What it seems like the game’s developers have done is exaggerate elements of car handling like weight transfer, making PC2 incredibly challenging, but not always faithful to the real deal. What probably doesn’t help is the steering is very tricky to get right on a controller - I’ve fiddled with the settings endlessly and it’s still not quite right. This makes the kind of gentle inputs that are necessary to avoid upsetting the sensitive balance of the cars rather difficult. Not to mention making catching a slide almost impossible.
Having said all that, there’s a perverse joy to be had in striving to get in a clean lap, given how demanding it is to do so on PC2. But make no mistake: ultra difficult is not necessarily ultra realistic.
Handling on Forza 7 on the other hand makes a lot more sense. Yes, the cars are more forgiving than they probably should be, but they operate in a way that actually makes sense when you push to the limits of grip and beyond. What’s more, FM7 works perfectly with a controller straight out of the box - no boring fiddling required.
Winner: Sim racing aficionados will be furious at me for this, but we’re calling Forza 7 the victor here
While there are a few different disciplines and career paths to choose from, Forza’s career mode still looks to be built around the tried and tested formula of winning races to earn money, and spending that money on upgrades and new cars.
What Project Cars 2 has in store is much more immersive, intending to replicate a real-life racing career - contracts, qualifying sessions and all. I’ve only just dipped my toe into the water with the career mode, but from what I’ve seen so far, it does all this very well. You can even start right at the beginning in karts, if you want.
Winner: Project Cars 2
So far it’s two ‘wins’ each for Forza Motorsport 7 and Project Cars 2, plus a draw. Equal pegging, but in the championship decider, PC2 comes apart.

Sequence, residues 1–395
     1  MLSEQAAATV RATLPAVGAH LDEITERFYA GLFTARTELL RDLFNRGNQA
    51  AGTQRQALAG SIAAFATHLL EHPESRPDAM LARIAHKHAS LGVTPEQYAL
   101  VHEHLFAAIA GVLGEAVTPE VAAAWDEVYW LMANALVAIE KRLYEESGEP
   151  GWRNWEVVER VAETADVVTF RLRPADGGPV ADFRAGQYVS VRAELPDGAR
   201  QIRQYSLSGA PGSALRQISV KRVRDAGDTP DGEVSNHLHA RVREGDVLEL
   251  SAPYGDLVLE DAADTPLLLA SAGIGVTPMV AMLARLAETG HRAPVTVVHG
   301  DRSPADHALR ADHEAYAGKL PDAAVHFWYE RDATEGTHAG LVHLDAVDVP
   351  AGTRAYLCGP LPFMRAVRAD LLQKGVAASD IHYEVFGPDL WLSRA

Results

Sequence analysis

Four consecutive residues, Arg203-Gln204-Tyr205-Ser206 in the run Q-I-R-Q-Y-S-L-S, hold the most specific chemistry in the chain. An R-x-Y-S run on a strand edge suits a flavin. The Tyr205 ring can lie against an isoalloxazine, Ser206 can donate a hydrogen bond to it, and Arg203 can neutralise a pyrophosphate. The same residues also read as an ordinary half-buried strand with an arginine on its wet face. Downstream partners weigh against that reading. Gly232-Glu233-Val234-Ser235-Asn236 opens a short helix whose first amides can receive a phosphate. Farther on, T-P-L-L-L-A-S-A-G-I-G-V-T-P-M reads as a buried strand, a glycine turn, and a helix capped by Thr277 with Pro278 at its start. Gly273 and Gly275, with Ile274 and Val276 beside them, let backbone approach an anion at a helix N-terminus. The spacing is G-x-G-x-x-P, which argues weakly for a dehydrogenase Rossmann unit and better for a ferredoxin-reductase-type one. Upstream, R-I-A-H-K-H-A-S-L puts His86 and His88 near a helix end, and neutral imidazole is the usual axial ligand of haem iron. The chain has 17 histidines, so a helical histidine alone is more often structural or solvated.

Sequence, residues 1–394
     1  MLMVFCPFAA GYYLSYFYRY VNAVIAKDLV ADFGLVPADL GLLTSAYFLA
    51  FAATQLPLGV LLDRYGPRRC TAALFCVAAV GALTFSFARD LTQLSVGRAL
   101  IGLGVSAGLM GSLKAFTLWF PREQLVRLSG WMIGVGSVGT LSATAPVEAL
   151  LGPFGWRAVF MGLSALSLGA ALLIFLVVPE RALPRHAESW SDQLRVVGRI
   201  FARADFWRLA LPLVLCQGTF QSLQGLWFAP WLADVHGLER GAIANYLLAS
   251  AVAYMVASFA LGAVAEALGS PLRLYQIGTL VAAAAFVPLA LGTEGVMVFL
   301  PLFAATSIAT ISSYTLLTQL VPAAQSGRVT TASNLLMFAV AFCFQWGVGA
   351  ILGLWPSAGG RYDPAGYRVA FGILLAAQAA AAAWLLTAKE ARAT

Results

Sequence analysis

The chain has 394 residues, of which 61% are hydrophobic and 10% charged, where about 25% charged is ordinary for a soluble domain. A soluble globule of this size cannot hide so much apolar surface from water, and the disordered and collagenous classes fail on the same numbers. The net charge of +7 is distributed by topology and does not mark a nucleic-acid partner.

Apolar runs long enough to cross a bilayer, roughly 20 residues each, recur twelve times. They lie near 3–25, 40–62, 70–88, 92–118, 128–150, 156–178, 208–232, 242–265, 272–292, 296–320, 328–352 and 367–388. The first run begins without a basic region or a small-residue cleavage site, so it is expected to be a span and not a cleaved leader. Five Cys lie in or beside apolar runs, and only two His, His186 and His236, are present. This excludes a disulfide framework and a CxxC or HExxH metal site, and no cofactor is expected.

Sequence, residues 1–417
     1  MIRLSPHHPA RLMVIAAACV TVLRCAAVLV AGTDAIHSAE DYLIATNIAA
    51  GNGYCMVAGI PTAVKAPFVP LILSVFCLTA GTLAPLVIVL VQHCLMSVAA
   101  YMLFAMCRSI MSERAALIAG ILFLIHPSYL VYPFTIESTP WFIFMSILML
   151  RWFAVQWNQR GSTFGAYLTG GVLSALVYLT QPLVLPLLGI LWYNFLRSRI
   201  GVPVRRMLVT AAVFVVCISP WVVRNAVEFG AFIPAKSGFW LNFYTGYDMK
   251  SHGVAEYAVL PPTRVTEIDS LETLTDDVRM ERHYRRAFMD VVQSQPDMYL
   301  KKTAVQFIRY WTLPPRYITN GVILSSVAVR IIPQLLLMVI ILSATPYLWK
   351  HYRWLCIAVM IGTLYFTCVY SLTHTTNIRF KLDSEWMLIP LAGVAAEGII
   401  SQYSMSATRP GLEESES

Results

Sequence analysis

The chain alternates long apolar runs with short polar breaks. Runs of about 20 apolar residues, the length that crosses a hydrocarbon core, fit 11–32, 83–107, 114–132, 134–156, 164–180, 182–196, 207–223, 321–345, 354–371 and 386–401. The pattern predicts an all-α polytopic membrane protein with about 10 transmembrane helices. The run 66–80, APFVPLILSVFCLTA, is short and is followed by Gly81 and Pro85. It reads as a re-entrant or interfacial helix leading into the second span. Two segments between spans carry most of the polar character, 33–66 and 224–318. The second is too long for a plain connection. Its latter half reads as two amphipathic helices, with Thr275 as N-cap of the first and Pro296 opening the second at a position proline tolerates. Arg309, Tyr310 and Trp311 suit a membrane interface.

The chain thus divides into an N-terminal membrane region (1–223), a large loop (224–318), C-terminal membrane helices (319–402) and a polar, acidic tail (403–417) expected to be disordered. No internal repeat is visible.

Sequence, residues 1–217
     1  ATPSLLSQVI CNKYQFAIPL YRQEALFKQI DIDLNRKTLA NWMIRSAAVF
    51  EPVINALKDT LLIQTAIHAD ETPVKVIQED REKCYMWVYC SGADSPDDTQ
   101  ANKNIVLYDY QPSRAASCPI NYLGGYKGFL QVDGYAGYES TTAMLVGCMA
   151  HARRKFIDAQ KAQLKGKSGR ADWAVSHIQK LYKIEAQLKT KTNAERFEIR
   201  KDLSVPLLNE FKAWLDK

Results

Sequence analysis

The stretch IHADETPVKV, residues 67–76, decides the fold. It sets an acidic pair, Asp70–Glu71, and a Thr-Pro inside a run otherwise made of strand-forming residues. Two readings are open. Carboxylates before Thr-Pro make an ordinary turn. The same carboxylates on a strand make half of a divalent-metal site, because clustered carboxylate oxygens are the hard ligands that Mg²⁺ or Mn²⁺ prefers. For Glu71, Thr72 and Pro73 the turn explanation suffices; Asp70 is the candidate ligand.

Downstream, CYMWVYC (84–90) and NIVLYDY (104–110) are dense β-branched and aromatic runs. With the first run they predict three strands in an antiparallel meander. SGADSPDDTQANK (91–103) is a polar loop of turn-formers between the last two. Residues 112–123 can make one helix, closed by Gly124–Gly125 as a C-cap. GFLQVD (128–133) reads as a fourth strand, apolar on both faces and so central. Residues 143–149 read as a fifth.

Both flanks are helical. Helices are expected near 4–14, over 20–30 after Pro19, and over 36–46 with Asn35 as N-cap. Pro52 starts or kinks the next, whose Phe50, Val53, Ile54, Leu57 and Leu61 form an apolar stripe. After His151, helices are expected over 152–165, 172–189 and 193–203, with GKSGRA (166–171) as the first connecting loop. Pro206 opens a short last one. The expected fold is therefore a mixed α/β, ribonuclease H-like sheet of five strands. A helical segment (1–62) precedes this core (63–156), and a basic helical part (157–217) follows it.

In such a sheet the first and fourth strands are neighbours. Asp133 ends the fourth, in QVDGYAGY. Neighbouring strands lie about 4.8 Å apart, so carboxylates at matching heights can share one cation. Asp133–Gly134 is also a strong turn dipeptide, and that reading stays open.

With fewer than 200 cars, it has less than a third of the vehicles made available in FM7. That would be liveable, if it wasn’t for the fact the tricky, counter-intuitive handling is going to be a deal-breaker for a lot of people.
It’s also nowhere near as polished - compared to Forza with its slick menus, cinematic interstitial videos and (admittedly slightly annoying) prancing racing driver avatar thing - the budget difference is clear to see. PC2 in comparison just feels a bit cheap and in places not quite finished - for instance the third-person view seems to be jerky with certain cars on certain tracks. Oh, and that thumbnail image you might have seen for this article with the two Astons - the Project Cars half needed some hardcore Photoshop content aware editing to remove some glitchy white spots from the grille.
If you want a challenge, and if you’re going to do it properly with a decent wheel, then by all means give Project Cars 2 a try, albeit not before sampling Assetto Corsa. But if you’re not an ultra-hardcore gamer with the right equipment and the willingness to sink a good chunk of your life into a game, Forza is the one for you.
It’s hugely enjoyable from the off, looks fantastic and is more than realistic enough for most. Now if you’ll excuse me, there’s a virtual Aston Martin I need to go and thrash…